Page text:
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MCSK CEO Maurice Okoth has come out to defend MCSK in the matter concerning Elani and their royalty payments.

In a telephone conversation with Pulse, he explained that while it is true that they paid out Sh31,000 to Elani, the money only covered broadcast royalties and not any other kind such as mechanical rights. He added that that the group was misrepresenting the facts to the public and are not being entirely truthful.

In matters concerning discrepancies in log sheets, Morris explains that Kenyan broadcasters are supposed to submit log sheets to MCSK, but that does not happen due to technical inability or unwillingness to comply. “As Elani say there were discrepancies in the logs, we would like to know where they got the comparison logs from as it is not from the broadcasters as they suggest,” he said, before sending an email of the group’s logs.

As to the Sh300,000 payment, he explained that he did not call them personally. “They received a mail from the MCSK office after they complained that their broadcast royalties did not seem to add up. When we went back to our records, following the complaint, we discovered a mistake on our part where we had failed to monitor their songs for the period dated July 2013 to June 2014. The Sh300,000 was a compensation for the royalties lost within that period for which their song received massive airplay. This is a common mistake that happens not only to them.”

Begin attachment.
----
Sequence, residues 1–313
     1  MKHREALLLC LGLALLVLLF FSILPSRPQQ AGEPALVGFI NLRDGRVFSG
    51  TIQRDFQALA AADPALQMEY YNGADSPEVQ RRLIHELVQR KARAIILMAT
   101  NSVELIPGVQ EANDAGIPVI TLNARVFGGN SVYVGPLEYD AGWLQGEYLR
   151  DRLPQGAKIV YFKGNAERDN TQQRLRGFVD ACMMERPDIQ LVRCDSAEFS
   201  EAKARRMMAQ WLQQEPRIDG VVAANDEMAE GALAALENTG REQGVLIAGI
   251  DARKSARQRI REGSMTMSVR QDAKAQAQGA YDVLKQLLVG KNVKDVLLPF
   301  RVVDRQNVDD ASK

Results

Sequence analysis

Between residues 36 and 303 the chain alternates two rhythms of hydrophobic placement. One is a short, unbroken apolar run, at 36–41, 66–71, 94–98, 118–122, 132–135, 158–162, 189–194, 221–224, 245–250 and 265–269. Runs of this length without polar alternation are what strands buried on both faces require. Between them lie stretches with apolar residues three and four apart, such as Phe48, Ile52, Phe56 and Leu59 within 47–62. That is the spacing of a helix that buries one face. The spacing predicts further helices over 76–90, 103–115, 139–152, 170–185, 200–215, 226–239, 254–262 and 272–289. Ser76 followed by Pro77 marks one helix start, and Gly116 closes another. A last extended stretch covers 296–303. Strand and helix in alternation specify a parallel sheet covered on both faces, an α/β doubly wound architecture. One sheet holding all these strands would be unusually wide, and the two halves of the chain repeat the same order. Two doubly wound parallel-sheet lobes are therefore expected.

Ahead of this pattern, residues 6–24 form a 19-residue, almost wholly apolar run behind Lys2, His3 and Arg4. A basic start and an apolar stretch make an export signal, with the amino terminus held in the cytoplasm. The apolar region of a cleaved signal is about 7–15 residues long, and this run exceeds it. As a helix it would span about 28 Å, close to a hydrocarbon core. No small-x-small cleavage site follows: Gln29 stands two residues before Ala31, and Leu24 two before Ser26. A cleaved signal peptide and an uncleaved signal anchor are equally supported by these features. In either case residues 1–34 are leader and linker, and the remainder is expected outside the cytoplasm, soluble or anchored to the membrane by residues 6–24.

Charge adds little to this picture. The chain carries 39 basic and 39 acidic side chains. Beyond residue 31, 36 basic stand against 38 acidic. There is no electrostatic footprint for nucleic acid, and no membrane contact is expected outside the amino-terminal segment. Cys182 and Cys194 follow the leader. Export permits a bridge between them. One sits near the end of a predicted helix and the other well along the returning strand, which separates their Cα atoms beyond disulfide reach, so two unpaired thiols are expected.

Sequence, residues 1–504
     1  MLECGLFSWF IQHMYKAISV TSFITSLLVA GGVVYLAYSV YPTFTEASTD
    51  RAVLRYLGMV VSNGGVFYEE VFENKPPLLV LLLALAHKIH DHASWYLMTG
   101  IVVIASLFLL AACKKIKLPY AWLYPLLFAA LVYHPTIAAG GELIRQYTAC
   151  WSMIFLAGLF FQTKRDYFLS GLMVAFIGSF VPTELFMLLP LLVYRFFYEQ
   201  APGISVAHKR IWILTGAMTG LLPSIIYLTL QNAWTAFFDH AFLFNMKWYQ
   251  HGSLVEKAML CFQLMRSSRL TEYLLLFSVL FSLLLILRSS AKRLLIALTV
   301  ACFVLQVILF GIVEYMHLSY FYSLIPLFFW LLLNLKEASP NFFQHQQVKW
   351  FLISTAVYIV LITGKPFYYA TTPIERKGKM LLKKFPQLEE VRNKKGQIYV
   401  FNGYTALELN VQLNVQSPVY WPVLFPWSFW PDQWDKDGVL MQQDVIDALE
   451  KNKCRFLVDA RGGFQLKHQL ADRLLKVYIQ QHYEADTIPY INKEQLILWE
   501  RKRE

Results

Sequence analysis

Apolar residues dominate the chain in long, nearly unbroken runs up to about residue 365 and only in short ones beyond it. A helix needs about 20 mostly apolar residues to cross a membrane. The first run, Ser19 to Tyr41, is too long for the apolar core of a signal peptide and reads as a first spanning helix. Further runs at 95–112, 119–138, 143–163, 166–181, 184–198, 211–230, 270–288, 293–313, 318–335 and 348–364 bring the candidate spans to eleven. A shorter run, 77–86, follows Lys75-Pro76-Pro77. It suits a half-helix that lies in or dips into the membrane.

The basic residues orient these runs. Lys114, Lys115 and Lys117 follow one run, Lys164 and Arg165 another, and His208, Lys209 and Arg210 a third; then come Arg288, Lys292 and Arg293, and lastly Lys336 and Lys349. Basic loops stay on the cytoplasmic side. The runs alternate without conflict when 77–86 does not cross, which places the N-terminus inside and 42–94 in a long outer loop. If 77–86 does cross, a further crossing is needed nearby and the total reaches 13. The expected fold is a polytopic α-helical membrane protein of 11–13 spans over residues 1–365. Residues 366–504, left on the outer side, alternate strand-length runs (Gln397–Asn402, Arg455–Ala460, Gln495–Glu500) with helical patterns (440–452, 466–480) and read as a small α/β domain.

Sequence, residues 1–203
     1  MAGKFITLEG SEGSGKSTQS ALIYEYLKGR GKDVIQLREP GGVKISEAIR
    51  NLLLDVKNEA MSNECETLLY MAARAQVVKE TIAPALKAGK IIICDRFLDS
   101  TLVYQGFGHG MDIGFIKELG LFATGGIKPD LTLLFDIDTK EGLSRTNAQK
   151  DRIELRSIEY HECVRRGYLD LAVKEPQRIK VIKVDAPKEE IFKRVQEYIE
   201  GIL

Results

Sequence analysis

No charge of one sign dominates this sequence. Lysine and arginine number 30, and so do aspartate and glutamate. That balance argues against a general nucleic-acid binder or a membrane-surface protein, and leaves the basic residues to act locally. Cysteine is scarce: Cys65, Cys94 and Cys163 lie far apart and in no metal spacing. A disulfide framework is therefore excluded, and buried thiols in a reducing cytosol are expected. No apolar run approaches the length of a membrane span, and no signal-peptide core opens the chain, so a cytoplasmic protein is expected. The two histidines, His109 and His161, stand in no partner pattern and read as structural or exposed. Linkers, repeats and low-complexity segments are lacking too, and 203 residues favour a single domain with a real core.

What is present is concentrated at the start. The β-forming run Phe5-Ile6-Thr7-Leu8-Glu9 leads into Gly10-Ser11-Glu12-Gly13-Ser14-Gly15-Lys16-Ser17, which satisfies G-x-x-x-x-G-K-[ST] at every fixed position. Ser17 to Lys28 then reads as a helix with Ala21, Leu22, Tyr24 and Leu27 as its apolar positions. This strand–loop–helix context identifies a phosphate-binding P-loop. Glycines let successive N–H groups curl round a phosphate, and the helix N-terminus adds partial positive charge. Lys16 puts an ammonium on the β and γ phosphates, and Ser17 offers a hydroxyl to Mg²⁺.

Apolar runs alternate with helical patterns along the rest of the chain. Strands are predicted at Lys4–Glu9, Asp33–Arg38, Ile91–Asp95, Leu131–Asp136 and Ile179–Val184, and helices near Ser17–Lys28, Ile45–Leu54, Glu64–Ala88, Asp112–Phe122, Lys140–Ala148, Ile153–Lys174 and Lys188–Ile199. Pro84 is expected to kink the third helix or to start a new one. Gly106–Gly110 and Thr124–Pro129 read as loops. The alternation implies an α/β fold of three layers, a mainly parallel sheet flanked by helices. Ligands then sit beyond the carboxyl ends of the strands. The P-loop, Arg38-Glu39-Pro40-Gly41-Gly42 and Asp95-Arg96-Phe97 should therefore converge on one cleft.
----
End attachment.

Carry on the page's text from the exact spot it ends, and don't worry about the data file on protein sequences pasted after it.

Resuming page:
In the YouTube clip dubbed #ElaniSpeaks, the group calls out for transparency within the MCSK and intervention from the cabinet secretary of the Ministry of Sports, Culture and the Arts Cabinet Secretary, Hon. Dr. Hassan Wario.

The group received a Sh31,000 cheque as royalties for the year 2014. “We questioned the amount only because we were in debt,” says Maureen Kunga, explaining that they started the year 2015 in debt, to the tune of millions. They questioned how little the money was, especially since 2014 was their most successful year in their musical career with hits such as Kukuu, Barua ya Dunia, Zuzu, Milele and Hapo Zamani. When they raised questions they say that they were given two different sets of logs and MCSK officials told them that they do not collect royalties from all radio stations.

It is then that they started calling radio stations and found out that they had been lied to. Five days later, Brian received a call from the MCSK office offering a compensatory Sh300,000. “We wondered where the extra money came from, or how they arrived at this compensatory amount,” they said says in the 11-minute long clip.